10 Downing Street has responded to a petition (noted on this blog here
) asking the Prime Minister "to drop the [UK government's] appeal against the Chagos islanders' right to go home." It says
[the former Foreign Secretary] decided to seek permission to appeal because our treaty obligations to the United States require the Territory be kept "for the defence needs" of both governments and our 2002 feasibility study came down heavily against the feasibility of resettlement.
The Court Of Appeal's judgment also raised issues of constitutional law of general public importance that, in her view, would adversely affect the effective governance of all British Overseas Territories. This would include confusion in the legal system applied in those Overseas Territories, and potential conflicts between local and English courts. For these reasons, the former Foreign Secretary thought it to be in the public interest that the effect of the Court of Appeal's judgment, even if correct, should be clarified.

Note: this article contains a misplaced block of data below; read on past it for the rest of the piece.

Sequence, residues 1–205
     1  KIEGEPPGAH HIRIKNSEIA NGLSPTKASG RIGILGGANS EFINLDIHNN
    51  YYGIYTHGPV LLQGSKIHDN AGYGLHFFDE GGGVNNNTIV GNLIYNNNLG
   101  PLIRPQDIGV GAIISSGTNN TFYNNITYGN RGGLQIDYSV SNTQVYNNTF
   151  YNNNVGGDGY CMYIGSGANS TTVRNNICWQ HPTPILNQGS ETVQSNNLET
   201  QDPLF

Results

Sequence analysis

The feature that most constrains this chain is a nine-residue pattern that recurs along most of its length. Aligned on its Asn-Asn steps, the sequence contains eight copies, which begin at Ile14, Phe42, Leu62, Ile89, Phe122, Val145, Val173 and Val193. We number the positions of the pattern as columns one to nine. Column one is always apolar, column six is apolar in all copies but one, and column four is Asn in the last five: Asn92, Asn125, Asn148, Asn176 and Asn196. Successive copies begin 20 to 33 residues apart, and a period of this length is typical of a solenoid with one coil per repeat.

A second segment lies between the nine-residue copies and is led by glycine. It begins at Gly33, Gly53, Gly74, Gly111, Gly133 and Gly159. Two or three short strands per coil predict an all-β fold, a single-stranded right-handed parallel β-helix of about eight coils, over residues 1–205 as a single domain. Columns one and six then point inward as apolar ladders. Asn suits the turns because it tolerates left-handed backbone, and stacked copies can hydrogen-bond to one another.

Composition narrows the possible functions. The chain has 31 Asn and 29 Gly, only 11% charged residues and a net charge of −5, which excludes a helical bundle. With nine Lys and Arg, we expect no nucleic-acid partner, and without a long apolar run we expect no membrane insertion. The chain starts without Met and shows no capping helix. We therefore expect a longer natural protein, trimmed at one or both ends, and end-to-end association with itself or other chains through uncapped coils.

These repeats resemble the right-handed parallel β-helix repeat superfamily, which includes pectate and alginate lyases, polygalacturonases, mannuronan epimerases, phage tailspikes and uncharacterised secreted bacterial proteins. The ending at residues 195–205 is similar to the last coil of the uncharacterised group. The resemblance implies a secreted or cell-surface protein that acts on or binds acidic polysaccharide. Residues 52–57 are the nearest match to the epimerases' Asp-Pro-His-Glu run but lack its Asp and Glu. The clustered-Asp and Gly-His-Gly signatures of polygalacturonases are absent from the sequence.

Permission to appeal was granted by the House of Lords on condition that the Chagossians' costs were met by the Foreign and Commonwealth Office. Given the public interest the Foreign Secretary, David Miliband has accepted this condition. The Government expect the case to be heard by the House of Lords in 2008.